Just the mention of Greece conjures up postcard-perfect images of bright blue-roofed homes near aquamarine waters and awe-inspiring ancient ruins that tower above. But Greece is so much more than just gorgeous beaches and historic ruins. Think the country’s wildlife is limited to donkeys on Santorini or alley cats in Athens? You don’t know Prespa Lakes, one of Europe’s most important natural sanctuaries and home to more than 300 species of birds and mammals. And we bet you’ve never heard of the drakospita, ancient and mysterious stone structures that rival the marvel of Stonehenge.
Whether you want to immerse yourself in the culture of ancient Greece or island hop with your own skipper, stopping for meals of freshly caught fish on an isolated beach with no one else around, Greece has a multitude of extraordinary experiences just waiting for you to try.
Like the rest of the country, Athens is a city steeped in history, tradition and culture. Visitors can get an excellent introduction to all of this through museum visits and guided tours. But seeing an exhibit of traditional tableware and going to a Greek restaurant are not the same as eating a meal made with the same ingredients as an ancient recipe on a plate thousands of years old. Ditto for looking at displays of ancient Greek clothes through glass versus being able to touch them. Such immersive experiences are hard to find, but do exist if you know where to look.
Get Educated in Athens
Athenian Muse offers a variety of educational experiences that combine a lecture with meals, wine tastings or even a fashion show. For instance, the three- to four-hour Ancient Greek Gastronomy experience starts with a lecture on ancient Greek food and tableware by an archaeologist, followed by a six-course meal on authentic reproductions of millennia-old dishes. During the 3.5-hour Haute Couture in Greek Antiquity experience, a scholar talks about ancient clothing styles, while a practical demonstration on a live model shows what the clothing really looked like. Other experiences center on coffee making, musical and literary traditions, and Greek wine.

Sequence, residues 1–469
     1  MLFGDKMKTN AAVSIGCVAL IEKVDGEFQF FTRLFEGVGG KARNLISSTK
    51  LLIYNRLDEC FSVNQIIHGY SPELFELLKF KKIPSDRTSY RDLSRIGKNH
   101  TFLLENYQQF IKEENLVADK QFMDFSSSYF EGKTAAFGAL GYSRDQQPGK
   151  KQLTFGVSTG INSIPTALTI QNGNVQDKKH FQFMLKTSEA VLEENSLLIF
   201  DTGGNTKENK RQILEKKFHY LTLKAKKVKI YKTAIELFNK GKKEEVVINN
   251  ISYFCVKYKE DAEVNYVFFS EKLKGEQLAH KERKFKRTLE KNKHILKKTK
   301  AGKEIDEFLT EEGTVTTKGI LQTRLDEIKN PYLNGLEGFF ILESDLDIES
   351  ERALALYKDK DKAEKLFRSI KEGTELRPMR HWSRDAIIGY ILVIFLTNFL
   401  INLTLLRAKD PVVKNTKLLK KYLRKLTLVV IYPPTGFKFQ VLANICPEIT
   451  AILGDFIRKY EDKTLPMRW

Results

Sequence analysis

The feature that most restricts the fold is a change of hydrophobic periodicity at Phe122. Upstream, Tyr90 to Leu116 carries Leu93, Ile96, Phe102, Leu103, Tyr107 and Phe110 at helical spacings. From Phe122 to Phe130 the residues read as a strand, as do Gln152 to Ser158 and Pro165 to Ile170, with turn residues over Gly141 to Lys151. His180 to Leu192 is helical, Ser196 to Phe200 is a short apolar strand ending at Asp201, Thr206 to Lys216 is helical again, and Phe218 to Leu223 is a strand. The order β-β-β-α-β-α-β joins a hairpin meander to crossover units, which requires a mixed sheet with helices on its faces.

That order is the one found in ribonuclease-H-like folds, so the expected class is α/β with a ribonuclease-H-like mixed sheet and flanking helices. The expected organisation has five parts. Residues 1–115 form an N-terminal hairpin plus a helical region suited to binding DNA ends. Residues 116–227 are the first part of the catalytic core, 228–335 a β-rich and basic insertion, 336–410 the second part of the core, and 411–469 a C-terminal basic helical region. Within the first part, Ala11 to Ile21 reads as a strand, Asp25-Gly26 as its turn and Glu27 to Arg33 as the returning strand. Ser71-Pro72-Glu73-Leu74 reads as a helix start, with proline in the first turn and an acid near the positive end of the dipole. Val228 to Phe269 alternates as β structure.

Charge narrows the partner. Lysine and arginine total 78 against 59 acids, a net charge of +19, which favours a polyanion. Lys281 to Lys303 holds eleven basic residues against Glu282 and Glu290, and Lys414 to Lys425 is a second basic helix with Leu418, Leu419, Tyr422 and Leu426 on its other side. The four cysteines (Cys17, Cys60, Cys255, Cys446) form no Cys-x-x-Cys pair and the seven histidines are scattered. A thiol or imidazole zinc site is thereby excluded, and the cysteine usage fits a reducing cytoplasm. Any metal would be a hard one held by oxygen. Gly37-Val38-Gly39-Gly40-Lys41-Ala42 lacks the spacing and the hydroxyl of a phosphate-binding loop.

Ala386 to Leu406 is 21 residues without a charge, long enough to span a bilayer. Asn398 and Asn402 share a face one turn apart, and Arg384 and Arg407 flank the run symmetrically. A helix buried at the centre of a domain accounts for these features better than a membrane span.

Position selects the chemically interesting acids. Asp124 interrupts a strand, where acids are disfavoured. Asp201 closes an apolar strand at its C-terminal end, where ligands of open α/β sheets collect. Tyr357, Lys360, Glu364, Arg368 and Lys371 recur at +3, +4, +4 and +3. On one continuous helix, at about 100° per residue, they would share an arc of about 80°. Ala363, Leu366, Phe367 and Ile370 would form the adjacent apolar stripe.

Advice from a Traveler Who’s Been There
Late Roman Empire (Turkey, Greece, Italy) by Jose Claudio B R Cardoso
“The Parthenon at the top of the hill was much damaged along the centuries. From its original destination as a temple for Athena, it was later an Orthodox church, a Catholic church and a mosque. A lot of (pagan) sculptures were damaged by zealous early Christians, while others were being removed to other places (mainly British Museum). It was also hit by cannon bullets during a war. A lot of restoration was and [is] being done.” Read more!
Take a Yoga Retreat
Greece’s golden sunshine, unspoiled beaches and glittering sea views create the perfect setting to escape from the real world for a little while. For total physical and mental relaxation, why not practice your downward-facing dog pose on a beach as the sun sets over the Aegean?
Yoga retreats are offered in destinations across Greece, with many open to both beginners and more advanced yoga practitioners. In addition to daily yoga classes, retreats typically include fresh, healthy meals and plenty of free time to laze around on the beach or explore local villages.
Silver Island Yoga, located on its own private island, limits guests to just 10 per week for a truly intimate escape. Aegialis Hotel & Spa is a larger resort with an extensive thalassotherapy spa where you can treat yourself to body scrubs and hot stone massages in between yoga classes. Yoga Rocks in southern Crete hosts a rotating cast of instructors to lead weeklong retreats in a variety of disciplines, from Prana Flow to Ashtanga. Seefor an extensive list of yoga retreats in Greece.
Spot Wildlife at Prespa Lakes
Whether you’re a birder looking to check off another species or you simply appreciate the beauty and serenity of a vast wildlife sanctuary, you’ll enjoy a visit to Prespa Lakes. The Megali (Great) and Mikri (Small) Prespa lie at the meeting point between Greece, Albania and Macedonia, and are famous for their high level of biodiversity. More than 260 species of birds and 40 types of mammals, including brown bears, wolves and wild boar, call these lakes their home. But you’ll also find Byzantine-era churches, monasteries and even cave paintings. One such church is St. Achilios, which can only be visited by walking across a floating bridge to an island in the Small Prespa.
There are multiple inns and bed and breakfasts in the Prespa Lakes region, so visiting on your own is not out of the question. However, English is not widely spoken, and signs are all in Greek. If you don’t feel the need for a tour guide but want some guidance, the Hotel Kinissi Palace, in nearby Thessaloniki, offers a two-night, self-drive Birding and Nature in Prespa Lakes tour. Want a guide? Tour operator Naturally Greece is located in the region and can put together a custom tour tailored to your needs.